30-35% of Big Ten athletes testing positive for COVID-19 had myocarditis

The reason why the Big Ten canceled football is because of the insecurity around the health of Big Ten athletes

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The reason why Big Ten football was canceled this year may have gone beyond the coronavirus, new reports are saying. According to Centredaily, 35% of college athletes who tested positive for the virus also had myocarditis, a potentially fatal inflammation of the heart.

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The information was revealed at a meeting of the State College area school board of directors on Monday night. State College, Pennsylvania is the town that encompasses Penn State University. PSU’s director of athletic medicine, Wayne Sebastianelli, shared the following information.

Parents of Big Ten Football Players Protest Conference Decision to Postpone Football Season
ROSEMONT, ILLINOIS – AUGUST 21: Randy Wade, father of Shaun Wade of the Ohio State Buckeyes, and Big Ten parents pose for photo during a rally outside to the Big Ten Conference headquarters on August 21, 2020 in Rosemont, Illinois. The Big Ten conference made the decision to delay the fall football season until the spring to protect players and staff as transmission of the COVID-19 virus continues to rise. (Photo by Quinn Harris/Getty Images)

“When we looked at our COVID-positive athletes, whether they were symptomatic or not, 30 to roughly 35 percent of their heart muscles (are) inflamed,” Sebastianelli said. “And we really just don’t know what to do with it right now. It’s still very early in the infection. Some of that has led to the Pac-12 and the Big Ten’s decision to sort of put a hiatus on what’s happening.”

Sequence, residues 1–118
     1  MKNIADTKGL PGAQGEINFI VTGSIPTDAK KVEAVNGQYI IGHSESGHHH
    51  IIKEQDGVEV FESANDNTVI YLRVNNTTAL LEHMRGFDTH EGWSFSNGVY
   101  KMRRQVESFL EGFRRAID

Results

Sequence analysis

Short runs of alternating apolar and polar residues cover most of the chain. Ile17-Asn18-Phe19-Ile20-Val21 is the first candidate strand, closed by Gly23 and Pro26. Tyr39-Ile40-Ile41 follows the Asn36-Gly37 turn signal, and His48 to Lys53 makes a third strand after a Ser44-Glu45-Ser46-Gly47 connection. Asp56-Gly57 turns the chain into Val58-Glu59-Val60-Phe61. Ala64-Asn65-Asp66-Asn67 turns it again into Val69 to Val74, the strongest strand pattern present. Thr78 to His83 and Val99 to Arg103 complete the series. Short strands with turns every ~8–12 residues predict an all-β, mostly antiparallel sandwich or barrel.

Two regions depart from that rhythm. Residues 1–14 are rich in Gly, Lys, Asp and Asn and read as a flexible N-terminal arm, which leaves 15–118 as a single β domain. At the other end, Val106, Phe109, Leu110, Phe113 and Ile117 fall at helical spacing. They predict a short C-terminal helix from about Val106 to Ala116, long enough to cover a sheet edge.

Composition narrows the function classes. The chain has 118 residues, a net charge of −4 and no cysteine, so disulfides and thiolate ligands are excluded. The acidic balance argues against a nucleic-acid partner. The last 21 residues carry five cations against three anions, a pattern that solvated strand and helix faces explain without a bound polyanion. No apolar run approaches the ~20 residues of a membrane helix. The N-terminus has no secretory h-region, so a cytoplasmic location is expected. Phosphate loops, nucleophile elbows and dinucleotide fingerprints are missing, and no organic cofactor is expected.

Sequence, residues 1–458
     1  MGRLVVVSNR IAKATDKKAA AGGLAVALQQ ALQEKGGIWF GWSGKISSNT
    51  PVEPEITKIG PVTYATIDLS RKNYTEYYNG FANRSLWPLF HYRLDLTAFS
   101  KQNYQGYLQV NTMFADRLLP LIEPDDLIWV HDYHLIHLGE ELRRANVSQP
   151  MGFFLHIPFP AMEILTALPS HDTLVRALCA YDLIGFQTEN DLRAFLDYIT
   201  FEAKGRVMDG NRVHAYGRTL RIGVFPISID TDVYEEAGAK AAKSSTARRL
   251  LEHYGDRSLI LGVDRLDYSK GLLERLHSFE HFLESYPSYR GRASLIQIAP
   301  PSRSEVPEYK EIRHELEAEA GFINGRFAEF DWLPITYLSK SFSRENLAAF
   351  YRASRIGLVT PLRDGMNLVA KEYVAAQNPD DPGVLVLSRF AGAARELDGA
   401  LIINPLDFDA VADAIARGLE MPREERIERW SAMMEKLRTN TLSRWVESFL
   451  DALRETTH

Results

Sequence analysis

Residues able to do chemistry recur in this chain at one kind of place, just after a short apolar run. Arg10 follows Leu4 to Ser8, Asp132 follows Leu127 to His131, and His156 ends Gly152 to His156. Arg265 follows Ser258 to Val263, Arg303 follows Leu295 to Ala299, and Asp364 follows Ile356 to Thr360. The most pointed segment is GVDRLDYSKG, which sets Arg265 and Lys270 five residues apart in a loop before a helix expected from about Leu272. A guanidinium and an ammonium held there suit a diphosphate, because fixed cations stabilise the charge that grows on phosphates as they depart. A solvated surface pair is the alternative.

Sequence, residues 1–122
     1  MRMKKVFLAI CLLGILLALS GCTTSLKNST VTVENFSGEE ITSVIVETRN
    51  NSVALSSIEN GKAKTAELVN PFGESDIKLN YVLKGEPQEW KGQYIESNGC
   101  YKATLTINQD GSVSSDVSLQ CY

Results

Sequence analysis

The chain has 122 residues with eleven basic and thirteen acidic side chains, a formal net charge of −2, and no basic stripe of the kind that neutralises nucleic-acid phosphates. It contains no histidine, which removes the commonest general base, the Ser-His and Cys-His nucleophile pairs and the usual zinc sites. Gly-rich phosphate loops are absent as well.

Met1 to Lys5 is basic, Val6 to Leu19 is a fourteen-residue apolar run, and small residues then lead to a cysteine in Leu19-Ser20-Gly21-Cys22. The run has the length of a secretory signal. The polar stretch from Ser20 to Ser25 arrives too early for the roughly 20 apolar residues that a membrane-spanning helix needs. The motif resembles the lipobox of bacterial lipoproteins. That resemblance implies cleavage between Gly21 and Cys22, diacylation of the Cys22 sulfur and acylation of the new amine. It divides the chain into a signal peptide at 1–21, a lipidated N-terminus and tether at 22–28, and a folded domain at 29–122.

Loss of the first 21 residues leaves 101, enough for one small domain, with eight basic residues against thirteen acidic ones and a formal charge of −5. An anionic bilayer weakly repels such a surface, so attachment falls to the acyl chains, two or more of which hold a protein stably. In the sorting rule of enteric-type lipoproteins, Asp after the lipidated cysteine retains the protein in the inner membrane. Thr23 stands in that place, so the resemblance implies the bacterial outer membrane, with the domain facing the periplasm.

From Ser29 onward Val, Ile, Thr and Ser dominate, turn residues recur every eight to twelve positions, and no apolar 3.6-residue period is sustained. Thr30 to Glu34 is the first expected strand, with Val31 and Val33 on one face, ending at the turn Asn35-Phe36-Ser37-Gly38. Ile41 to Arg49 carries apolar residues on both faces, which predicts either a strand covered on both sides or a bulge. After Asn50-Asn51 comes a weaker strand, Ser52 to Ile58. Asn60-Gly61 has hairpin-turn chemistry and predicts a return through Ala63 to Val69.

COVID-19 has had an immeasurable impact on the sports world, forcing postponements of games across sports leagues. It impacted college football the most, as conferences scrambled to respond to the threat of infection on the eve of their seasons. The Big Ten, which includes football powerhouses like Penn State, along with Ohio State, Nebraska, Wisconsin, and Michigan, canceled their season in August.

The mental and physical health and welfare of our student-athletes has been at the center of every decision we have made regarding the ability to proceed forward,” Big Ten commissioner Kevin Warren said.

“As time progressed and after hours of discussion with our Big Ten Task Force for Emerging Infectious Diseases and the Big Ten Sports Medicine Committee, it became abundantly clear that there was too much uncertainty regarding potential medical risks to allow our student-athletes to compete this fall.”

Parents of Big Ten Football Players Protest Conference Decision to Postpone Football Season
Candace Wilson, mother of Garrett Wilson of the Ohio State Buckeyes, addresses media during a rally outside of the Big Ten Conference headquarters on August 21, 2020 in Rosemont, Illinois. Parents and players in the conference argued for the right to play despite the pandemic. (Photo by Quinn Harris/Getty Images)

This is just one example of how the lingering impact of the coronavirus can cause lingering heart issues is the case of University of Houston defensive lineman Sedrick Williams, who opted out of playing the current football season in August after testing positive for COVID-19 in June.

“As a result of the virus, I’ve had complications with my heart and I really don’t know the outcome or what’s in store for me in the future,” Williams wrote in a Facebook post in August. “I just know that my life is more precious to me than football could ever be. I’ve decided to opt-out of the 2020 football season due to these complications. I won’t take this year for granted.”

Though the PAC-12 conference, the Ivy League, and the MEAC, the conference that includes sports teams across historically Black colleges and universities canceled fall sports, the ACC, SEC, and several other conferences will play amended schedules this fall, according to Deseret News.

Read More: States should prepare to distribute COVID vaccine by late October: CDC

Depending on how the coronavirus/fall flu season shapes up, some college sports may move to a spring schedule, including the Big Ten.

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